Yes, initially I started with a blog but realized fairly quickly that it was not sufficient to function as a lab notebook because there is no record of changes made. A wiki is really close to a perfect tool for the actual notebook since all page versions are time-stamped. We use Wikispaces as our hosting service, which has the advantage of providing third-party timestamps on everything recorded or changed.

Doing science is like focusing a lens. At first you have few data points and make some tentative observations. As more data get added and more thinking and talking get done, things become clearer and the notebook is updated accordingly. Sometimes that means errors get fixed and that entire process is tracked by the wiki. I still use the blog as a means of reporting on big picture issues and milestones. I can then link from the blog to the wiki to back up any claims I make.

Very few scientists are doing Open Notebook Science right now - do you see the practice exploding in the near future, with almost everyone doing it? Will this be a generational thing? Or dependent on the scientific discipline?

I don't see the practice of full ONS becoming used by the majority of researchers very soon, although I do think many more scientist will become more open in some way. For example they may blog more about their current work or make more raw data available after their papers come out. I don't think the practice should be mandated. Those who choose to do will most likely find it rewarding, if only in meeting new colleagues and collaborators. There may be something to the generational effect - the YouTube generation probably does expect information to be free to consume and share. There is certainly a discipline dependence - where intellectual property is a concern there will be an additional barrier.

When we talk about Science 2.0 and science blogging, we usually discuss science communication, publishing, networking, political action and teaching. But you have performed experiments in Second Life, i.e., Internet is also a tool for actually doing science. Do you see this happening more - people using the Web as a tool in scientific research in the open view of everyone who cares to come by and watch you?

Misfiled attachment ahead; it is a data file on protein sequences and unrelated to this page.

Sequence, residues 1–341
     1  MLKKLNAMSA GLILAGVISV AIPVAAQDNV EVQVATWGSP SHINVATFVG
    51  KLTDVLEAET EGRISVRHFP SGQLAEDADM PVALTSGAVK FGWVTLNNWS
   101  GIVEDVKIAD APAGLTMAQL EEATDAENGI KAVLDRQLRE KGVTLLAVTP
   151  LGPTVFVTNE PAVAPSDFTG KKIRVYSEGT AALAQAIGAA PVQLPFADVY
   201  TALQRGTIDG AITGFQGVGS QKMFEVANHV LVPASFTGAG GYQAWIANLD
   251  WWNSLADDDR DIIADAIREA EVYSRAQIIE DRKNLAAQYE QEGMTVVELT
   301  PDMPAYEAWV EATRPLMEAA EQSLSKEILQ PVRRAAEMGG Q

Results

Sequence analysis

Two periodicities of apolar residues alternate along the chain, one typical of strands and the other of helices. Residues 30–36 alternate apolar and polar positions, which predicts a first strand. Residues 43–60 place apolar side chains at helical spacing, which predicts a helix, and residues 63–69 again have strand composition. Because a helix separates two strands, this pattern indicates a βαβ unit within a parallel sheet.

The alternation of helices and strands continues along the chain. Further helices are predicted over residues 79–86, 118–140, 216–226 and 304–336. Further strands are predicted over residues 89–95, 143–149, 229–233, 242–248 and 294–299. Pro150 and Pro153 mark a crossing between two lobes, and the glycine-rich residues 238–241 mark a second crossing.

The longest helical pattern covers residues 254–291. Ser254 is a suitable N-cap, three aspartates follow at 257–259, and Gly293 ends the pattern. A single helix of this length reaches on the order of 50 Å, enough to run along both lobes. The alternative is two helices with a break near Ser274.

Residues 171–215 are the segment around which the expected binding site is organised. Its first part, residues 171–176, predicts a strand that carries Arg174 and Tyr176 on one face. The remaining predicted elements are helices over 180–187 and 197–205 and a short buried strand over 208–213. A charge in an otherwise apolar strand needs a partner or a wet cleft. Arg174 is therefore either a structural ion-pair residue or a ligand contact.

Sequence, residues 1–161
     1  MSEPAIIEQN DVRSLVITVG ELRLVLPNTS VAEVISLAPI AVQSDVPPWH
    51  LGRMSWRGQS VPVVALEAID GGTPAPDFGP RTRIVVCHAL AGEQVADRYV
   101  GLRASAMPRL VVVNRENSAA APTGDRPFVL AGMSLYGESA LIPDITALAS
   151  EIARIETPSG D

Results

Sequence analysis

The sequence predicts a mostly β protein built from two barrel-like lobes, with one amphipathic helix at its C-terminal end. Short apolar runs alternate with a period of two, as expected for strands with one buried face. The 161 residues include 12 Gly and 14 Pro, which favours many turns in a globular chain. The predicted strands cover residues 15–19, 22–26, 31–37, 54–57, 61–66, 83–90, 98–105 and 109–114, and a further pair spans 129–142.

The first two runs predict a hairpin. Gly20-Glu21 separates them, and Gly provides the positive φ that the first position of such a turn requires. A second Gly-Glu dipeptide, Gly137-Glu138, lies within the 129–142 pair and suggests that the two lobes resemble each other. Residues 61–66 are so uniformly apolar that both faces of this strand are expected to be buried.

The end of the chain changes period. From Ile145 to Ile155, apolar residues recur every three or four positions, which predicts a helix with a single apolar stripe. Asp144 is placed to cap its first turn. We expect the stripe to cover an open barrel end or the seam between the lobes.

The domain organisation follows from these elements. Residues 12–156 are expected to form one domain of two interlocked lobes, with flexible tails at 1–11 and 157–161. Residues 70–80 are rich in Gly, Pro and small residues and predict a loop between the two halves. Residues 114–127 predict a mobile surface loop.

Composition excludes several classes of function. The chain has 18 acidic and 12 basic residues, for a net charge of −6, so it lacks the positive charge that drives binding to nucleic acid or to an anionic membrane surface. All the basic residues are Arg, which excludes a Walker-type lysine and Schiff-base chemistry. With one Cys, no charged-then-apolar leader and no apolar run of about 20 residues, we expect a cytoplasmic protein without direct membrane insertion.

Yes I do see researchers using the web to share their primary research - Gus Rosania and Cameron Neylon are probably the best recent examples. As far as Second Life, it is another tool - with Andrew Lang we are now able to interact with spectra (NMR, IR, etc) simply by "talking" to the display. We can display proteins and molecules in 3D with realistic shapes. Right now, for my work, I view Second Life to be like a website or blog - I can provide basic information about my research and link to the lab notebook on the wiki if people want more information. I have areas on Drexel Island and the American Chemical Society Island to share my lab's work. My organic chemistry students also do projects for class in Second Life. I think the most useful outcome of using Second Life is meeting new smart people with similar interests. I have met a few wonderful collaborators that way.

Is there anything that happened at this Conference - a session, something someone said or did or wrote - that will change the way you think about science communication, or something that you will take with you to your job, blog-reading and blog-writing?

The most memorable event at the conference was probably meeting Moshe Pritsker from the Journal of Visualized Experiments. He offered to send someone over to my lab to record a protocol - I still have to arrange that....

It was so nice to see you again and thank you for the interview. I hope to see you again in January.


Check out all the interviews in this series.